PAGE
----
To practise a range of skills and/or improve the chances that they understand the instructions, you can also elicit the instructions instead of giving them, or give written instructions for them to read. In the latter case you can give them some tasks to show comprehension of the instructions before you start the craft activity.
Adding language during the craftwork
The easiest way of adding language practice during the craftwork is to give instructions step-by-step rather than all at the beginning. If you have given them all the instructions before the activity, you can elicit from them what they have to do at the next stage.
You can also set the activity up so that they need to speak at each stage to get it done, e.g. keeping all the colouring pencils and other craftwork material to yourself so that students have to ask for it at each stage. Students can also be encouraged to speak English as they ask each other to lend things but most of the real communication will inevitably be with the teacher or in whole-class stages, and the activity needs to be designed with this in mind. Alternatively, a student could take the teacher’s role of giving out pencils as they are asked for etc, or the activity could just be done as a whole class. Suitable phrases for making sure everyone gets involved in whole-class activities include “Do you want to use a triangle or a circle (for its nose)?”, “How many legs shall we add?” and “I want you to make different things each. Who wants to make a…?/Hands up and tell me what you want to make”.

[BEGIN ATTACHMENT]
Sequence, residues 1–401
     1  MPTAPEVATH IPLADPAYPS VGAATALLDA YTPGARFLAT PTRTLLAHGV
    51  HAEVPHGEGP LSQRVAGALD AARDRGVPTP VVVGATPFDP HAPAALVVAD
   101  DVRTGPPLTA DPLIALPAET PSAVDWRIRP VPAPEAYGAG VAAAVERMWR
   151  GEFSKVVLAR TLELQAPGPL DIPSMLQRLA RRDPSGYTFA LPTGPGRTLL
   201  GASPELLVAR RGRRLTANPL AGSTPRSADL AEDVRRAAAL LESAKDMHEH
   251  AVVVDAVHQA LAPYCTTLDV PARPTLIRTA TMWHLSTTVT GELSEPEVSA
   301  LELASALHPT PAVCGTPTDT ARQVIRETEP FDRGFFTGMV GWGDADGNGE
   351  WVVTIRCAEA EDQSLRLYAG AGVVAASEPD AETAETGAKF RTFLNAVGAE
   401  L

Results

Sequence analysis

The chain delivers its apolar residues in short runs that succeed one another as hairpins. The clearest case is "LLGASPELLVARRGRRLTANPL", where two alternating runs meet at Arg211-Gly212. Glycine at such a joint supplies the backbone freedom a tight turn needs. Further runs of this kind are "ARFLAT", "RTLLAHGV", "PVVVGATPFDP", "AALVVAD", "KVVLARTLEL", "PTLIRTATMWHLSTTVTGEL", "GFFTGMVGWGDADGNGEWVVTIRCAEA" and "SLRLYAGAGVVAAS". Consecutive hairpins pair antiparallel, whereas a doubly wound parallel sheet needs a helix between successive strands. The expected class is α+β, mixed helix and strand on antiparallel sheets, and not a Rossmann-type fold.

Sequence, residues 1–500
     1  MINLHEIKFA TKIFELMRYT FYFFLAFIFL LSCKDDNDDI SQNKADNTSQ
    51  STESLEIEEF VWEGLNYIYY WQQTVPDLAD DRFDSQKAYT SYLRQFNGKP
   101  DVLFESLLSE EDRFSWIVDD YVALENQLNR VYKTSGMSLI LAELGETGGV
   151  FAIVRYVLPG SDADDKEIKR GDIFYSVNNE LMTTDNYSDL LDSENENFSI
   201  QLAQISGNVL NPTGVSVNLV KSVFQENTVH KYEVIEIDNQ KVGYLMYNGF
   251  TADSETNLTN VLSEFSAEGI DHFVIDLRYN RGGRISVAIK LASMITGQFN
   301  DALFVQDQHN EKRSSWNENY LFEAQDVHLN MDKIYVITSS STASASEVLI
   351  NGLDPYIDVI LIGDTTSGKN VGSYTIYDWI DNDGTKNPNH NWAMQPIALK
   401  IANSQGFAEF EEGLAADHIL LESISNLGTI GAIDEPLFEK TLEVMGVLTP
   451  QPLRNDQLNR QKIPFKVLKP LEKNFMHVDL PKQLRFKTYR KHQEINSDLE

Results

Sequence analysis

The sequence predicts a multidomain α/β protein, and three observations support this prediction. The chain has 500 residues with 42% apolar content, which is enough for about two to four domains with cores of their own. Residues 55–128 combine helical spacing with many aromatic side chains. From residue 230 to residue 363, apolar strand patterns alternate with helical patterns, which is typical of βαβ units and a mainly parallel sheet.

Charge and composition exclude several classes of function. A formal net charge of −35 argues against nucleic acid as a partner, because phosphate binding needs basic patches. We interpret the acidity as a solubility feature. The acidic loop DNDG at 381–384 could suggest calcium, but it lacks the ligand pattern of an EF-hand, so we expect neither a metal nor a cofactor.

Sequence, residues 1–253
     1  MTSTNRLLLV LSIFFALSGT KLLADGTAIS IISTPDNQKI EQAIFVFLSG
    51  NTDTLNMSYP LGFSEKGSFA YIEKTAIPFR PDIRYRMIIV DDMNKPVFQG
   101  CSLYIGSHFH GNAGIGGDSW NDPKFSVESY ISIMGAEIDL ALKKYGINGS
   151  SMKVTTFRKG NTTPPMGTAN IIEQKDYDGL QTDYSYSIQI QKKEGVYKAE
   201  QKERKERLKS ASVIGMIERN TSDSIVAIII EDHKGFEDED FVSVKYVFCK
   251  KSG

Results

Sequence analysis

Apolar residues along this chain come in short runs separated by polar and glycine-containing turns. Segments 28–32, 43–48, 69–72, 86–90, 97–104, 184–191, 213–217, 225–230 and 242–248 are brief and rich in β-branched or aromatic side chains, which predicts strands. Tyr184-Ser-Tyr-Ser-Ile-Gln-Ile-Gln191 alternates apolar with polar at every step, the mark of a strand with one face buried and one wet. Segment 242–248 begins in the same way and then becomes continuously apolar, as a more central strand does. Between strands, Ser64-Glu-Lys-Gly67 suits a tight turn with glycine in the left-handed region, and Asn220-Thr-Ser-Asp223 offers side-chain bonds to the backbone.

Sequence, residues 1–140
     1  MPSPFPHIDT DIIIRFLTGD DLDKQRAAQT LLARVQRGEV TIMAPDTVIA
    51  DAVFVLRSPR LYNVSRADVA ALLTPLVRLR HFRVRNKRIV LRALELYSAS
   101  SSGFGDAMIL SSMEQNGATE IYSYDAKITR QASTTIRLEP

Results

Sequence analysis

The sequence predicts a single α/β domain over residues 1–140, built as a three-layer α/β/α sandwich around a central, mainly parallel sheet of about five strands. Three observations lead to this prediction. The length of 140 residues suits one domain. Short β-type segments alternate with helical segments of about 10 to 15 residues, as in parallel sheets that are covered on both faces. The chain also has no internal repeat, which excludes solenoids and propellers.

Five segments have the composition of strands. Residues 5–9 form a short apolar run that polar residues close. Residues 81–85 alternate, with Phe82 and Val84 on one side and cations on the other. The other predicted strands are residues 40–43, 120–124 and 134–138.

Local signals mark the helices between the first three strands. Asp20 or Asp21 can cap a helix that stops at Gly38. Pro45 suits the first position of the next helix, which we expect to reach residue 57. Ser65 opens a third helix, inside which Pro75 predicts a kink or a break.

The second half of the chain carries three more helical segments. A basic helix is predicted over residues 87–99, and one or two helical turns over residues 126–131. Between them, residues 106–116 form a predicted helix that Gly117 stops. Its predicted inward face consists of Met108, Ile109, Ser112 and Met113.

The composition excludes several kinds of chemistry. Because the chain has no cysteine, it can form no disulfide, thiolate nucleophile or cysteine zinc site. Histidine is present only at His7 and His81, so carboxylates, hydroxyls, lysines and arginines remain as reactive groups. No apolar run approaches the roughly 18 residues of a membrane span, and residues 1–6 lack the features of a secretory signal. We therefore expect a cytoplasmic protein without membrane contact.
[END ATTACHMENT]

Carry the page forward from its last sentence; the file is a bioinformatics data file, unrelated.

A slightly wackier idea is to chant or sing over and over what they are doing as they are doing it, e.g. “Colour the apple red, colour the apple red, colour, colour, colour the apple red”. Especially for tidying up at the end, it is sometimes possible to find songs you can copy for this. In very young learner classes they often end up chanting or singing along, and even if they don’t it will hopefully have some kind of subconscious effect and will help with classroom management if they recognise the tune next time you do the same thing.
If students can write (or at least read and copy), it can be helpful to have a general rule that they write everything before they draw or make it, e.g. having to write “It has twelve heads” before they are allowed to draw that on their monster.
Adding language after the craftwork
In small classes, you could just get students to explain their craftwork to each other or the whole class, e.g. pointing out scary features of the monster they have made. They could also present their craftwork to the whole class for a vote on which is best (obviously not allowing them to vote for their own).
A more complex activity is for them to describe their finished art or craftwork without showing it for another student or group to try to reproduce (like a “picture dictation”). If you plan very carefully, you could also get them doing a pairwork communication game such as a picture difference activity with the work they have produced.